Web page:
Thursday, November 03, 2011

House for Sale!

We FINALLY have our home on the market! Carpets cleaned, touch up painted, furniture staged, lawn mowed and flowers planted, and I wonder why we are moving! We love this house, but are excited to be moving onto some acreage for more room to spread outdoors. I thought having given birth to two children in this house would make me sad and nostalgic to leave it, but I find we are ready to say good-bye. Fortunately, we are close enough that we can still spend a lot of time with old friends while far enough to be making many new ones.

Wednesday, September 07, 2011

Children are Not Flowers

I love the Mother Teresa quote, "How can there be too many children? That is like saying there are too many flowers." It well conveys the beauty and miracle of little children and birth in the same miraculous way a flower sprouts and blooms.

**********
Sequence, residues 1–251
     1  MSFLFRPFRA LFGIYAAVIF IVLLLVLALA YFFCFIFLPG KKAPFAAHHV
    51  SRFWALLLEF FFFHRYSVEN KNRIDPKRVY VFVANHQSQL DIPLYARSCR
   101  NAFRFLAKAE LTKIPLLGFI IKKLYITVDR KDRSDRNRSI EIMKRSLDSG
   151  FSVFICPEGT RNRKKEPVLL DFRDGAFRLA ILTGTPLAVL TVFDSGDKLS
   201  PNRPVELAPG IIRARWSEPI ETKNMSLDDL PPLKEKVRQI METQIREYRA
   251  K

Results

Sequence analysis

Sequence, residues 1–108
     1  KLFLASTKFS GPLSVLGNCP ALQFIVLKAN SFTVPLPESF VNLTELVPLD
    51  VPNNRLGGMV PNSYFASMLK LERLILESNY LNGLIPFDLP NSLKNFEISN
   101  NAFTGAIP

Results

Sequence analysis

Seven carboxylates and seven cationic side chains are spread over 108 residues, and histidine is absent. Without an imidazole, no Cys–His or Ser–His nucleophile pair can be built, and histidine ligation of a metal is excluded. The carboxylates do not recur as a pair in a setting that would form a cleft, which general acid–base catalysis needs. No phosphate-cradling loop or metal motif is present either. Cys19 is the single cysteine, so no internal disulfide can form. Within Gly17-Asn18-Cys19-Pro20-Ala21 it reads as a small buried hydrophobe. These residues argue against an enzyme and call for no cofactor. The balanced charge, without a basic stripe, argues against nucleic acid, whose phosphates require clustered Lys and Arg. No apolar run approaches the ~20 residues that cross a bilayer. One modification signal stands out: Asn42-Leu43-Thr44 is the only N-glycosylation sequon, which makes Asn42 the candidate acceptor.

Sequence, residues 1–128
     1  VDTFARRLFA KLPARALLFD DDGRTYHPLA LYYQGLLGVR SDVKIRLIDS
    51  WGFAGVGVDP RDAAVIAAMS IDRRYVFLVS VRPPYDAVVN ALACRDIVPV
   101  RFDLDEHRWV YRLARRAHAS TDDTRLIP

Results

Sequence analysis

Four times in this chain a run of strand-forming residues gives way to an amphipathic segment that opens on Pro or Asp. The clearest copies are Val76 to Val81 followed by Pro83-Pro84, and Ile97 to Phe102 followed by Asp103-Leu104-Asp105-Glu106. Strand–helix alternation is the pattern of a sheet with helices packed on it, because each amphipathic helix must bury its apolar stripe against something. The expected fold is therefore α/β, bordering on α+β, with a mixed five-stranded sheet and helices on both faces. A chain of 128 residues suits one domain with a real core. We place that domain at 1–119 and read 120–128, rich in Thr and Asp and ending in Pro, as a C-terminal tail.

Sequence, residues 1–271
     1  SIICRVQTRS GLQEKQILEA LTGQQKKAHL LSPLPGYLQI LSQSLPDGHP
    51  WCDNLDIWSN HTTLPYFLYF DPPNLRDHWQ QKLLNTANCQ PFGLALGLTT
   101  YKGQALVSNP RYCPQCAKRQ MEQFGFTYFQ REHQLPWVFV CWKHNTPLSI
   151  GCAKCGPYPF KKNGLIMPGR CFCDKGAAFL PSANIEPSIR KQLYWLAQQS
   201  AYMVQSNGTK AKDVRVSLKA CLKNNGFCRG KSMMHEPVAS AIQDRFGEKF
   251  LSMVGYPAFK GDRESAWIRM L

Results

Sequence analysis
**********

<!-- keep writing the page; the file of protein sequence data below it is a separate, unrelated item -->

But children are not flowers.

You can have too many children, and you can have too many flowers. Certainly everyone loves flowers, and how can you not love children? They are the most wondrous gift bestowed on us by a loving God. Gardening is in a small way an insight into the miracle of God's creation second only to raising children or giving birth.

But in my yard there aren't many flowers. It's not because I don't adore flowers, but because keeping up with them is a lot of work! Sometimes I get lucky and hit on a variety that mostly takes care of itself, blooming in the most neglected circumstance and propagating on their own. But who can raise children that way? If flowers require frequent time and attendance to their position, nutrition, and care, how much more work are children with their near constant demand for time and care? It's not that I don't adore children, I obviously do given that I have 5 of my very own schooled at home. If children were easy we'd all have more! The decision is at what point does the enjoyment and fulfillment of children become outweighed by the tremendous effort? So yes, I can scarce keep up with those I have already blooming! Here we are in the flowers nearly 18 months ago, and while it does keep getting better and better and life seems easier as time passes while kids grow up, adding to the fun is a daunting thought!